Symantec sharpens intrusion protection

Symantec has updated a number of software products under the guise of a security framework it calls Symantec Intrusion...

Symantec has updated a number of software products under the guise of a security framework it calls Symantec Intrusion Protection.

The company refreshed its ManHunt network intrusion detection system (IDS) product, as well as the Intruder Alert host-based IDS and ManTrap "honeypot" products. Intruder Alert is now known as Symantec Host IDS and ManTrap is branded as Symantec Decoy Server.

The centrepiece of Symantec's announcements is Symantec ManHunt 3.0, which updates the IDS technology that Symantec purchased from Recourse Technology last year.

The latest version of ManHunt includes a feature that delivers security updates to ManHunt sensors in response to emerging threats. Those updates use information from Symantec's Security Response research organisation to update the ManHunt devices, providing updated vulnerability information, attack signatures and rules to refine event data and spot attacks.

Previous versions of ManHunt permitted attack signature updates, but not modifications to the sensors.

ManHunt will now run on Red Hat's Linux 8 platform and Sun Microsystems' Solaris operating system.

For companies looking for host-based intrusion detection and prevention, Symantec updated its Intruder Alert product, rebranding it as Symantec Host IDS version 4.1.

The product includes improved "process management" features which make it easier to harden applications against attacks, according to Matt Rodgers, senior product manager at Symantec.

For example, for a web server the process management features would allow administrators to create security policies which enforce a core set of capabilities out of a much larger set of supported capabilities, blocking the server from spawning non-essential processes.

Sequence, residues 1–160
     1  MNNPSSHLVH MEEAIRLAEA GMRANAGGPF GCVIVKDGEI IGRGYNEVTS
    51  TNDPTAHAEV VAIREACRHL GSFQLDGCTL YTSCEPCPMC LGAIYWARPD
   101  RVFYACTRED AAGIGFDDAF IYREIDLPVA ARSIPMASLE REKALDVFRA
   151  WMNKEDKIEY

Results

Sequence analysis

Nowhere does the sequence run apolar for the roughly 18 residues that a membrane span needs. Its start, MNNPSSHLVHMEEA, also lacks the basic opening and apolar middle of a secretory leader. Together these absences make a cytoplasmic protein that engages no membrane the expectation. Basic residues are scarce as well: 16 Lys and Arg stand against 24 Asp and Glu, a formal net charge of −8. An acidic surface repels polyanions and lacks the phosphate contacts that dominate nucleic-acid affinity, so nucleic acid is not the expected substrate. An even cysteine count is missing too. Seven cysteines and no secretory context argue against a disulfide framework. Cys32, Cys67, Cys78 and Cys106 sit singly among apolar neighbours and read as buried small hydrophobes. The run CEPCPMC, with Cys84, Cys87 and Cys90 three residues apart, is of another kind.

Those policies can be applied to individual hosts or groupings of servers based on operating system, department or other internal designations, Rodgers said.

Symantec also expanded the number of supported platforms for Host IDS. In addition to Sun's Solaris 8 and 9 operating systems, it now supports Microsoft's Windows XP, 2000 and NT 4.0 operating systems.

Recourse's ManTrap product was relaunched Monday as Symantec Decoy Server 3.1, with a new user interface and look and feel.

Version 3.1 contains a number of improvements over earlier versions of ManTrap, including the ability to spawn multiple decoy environments or "cages" from a single Decoy Server.

By simulating multiple honeypots, Decoy Server increases the odds of catching hackers and makes it easier to obscure an organisation's actual servers.

In addition, version 3.1 adds new attack alerts through pagers or SMS, improved logging and attack play-back capabilities, and tighter integration with the ManHunt product.

The new software updates are all part of a technology framework Symantec is calling Symantec Intrusion Protection. The idea is to tie together the company's disparate technologies into a system of complementary technologies that use a common architecture and management interface.

The system encompasses a number of Symantec's recent technology purchases in the intrusion detection and prevention areas, including the Recourse technology and vulnerability information from its purchase of SecurityFocus in August 2002.

Paul Roberts writes for IDG News Service

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